• F > 99.999% at 0.1 to 0.2 microns

European Union HEPA Standards

The European Union uses number classification to rate their HEPA filters. As you can see below, there’s a big difference between the lowest (H10) and highest (H14) rating.

  • H10 > 85% at 0.3 microns
  • H11 > 95% at 0.3 microns
  • H12 >99.5% at 0.3 microns
  • H13 > 99.950% at 0.3 microns
  • H14 > 99.995% at 0.3 microns

When you’re purchasing an air purifier that’s regulated by European Union standards, you’ll want to find out what number rating the HEPA filter uses.

That way you can know exactly the level of air filtration you’re getting for your money.

HEPA Filter Disadvantages

While HEPA filtration may seem like the perfect solution for trapping contaminants, these filters are not perfect.

The drawbacks to HEPA filters include:

  • You can’t wash HEPA filters and they degrade over time. They must be replaced every 6 to 12 months.
  • As a HEPA filter gets more contaminated, the efficiency drops.
  • If you don’t change a HEPA filter on a schedule, manufacturers can void your air purifier’s warranty.
  • HEPA filters can be delicate and easily damaged during installation. If you puncture a hole through the material, it essentially becomes inactive in that spot.
  • The best HEPA filters are not cheap.
  • Some HEPA filters are cheaper and washable, but you sacrifice quality and efficiency.
  • HEPA filters can remove bacteria and mold spores, but those microorganisms can also grow inside the filter and multiply.

Not All HEPA Filters are Created Equal

Now that you know the science behind how do HEPA filters work and what you can expect out of this material, you may think that you can just go buy any air purifier that uses a HEPA filter and be fine.

However, there are actually lower-grade HEPA filters being sold today disguise themselves are high-quality HEPA filters.

When you start looking for HEPA filters or air purifiers that use this media, you may see something called HEPA-like or HEPA-type.

These two things are nothing like the HEPA filters which are certified by the U.S. and European Union.

Some manufacturers use the term “HEPA” to mislead their buyers into thinking that they’re buying a high-quality product. However, you’re actually getting an inefficient copy.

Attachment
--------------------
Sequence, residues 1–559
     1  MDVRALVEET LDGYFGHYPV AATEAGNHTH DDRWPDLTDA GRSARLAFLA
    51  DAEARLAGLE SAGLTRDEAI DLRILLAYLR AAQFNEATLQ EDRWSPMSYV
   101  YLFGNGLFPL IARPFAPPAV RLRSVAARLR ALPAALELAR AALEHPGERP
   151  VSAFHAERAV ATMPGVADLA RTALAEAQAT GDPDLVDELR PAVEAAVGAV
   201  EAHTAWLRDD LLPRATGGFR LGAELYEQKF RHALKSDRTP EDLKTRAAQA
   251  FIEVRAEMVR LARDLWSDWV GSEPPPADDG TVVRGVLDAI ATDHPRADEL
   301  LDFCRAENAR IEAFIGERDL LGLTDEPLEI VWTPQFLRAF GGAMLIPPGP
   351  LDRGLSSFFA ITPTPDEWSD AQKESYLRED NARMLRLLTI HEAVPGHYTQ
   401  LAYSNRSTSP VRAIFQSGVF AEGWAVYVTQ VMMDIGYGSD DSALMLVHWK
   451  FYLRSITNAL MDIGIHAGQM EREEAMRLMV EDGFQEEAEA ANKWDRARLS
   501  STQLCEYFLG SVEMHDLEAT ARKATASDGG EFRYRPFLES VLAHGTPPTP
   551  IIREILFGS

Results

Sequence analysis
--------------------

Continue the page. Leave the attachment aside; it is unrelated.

HEPA-type or HEPA-like filters only trap between 25% to 80% of particles down to 0.3 microns in size which is very inefficient for most people’s uses.

This is why HEPA-like and HEPA-typer filters are cheaper to buy.

If you find an amazing deal on an air purifier, you’ll want to take a closer look at the type of HEPA filter it uses or ask the manufacturer for the specifications.

A rock bottom deal often means that the product is using a far inferior version of a HEPA filter.

To help avoid confusion, many manufacturers use the words “True HEPA” filter to indicate to consumers that the HEPA filter is certified by the U.S. or European Union.

So, always look for the word “True” when shopping for an air purifier that uses a HEPA filter.

To see what air purifiers are available at a low price, take a look at our guide on the best inexpensive air purifier models that use HEPA filters.

Those air purifiers can save you a ton of money on a new unit.

HEPA Filters are Not That Complicated

Hopefully, you came away from this post with a full understanding of how do HEPA filters work.

As you learned above, the inner workings of HEPA filters are not too hard to comprehend.

These filters are basically made up of tiny fibers that capture contaminate particles as they pass through so that they don’t remain in the air you breathe.

If you’re interested in getting an air purifier for your home that can clean the air to its fullest, take a look at our list of the top air purifiers.

It includes the best air purifiers you can buy today that use the highest quality HEPA filters.

Now, if you’re looking specifically for an air purifier to remove dust and other allergens from your bedroom so you can sleep better at night, you’ll want to check out our small air purifier for bedroom review.

It includes a few tips on how to select the best device for this purpose as well as stresses the importance of how a HEPA filter works to create the freshest air possible.

So, take a look at those resources to find out more about HEPA filters and their uses inside air purifiers.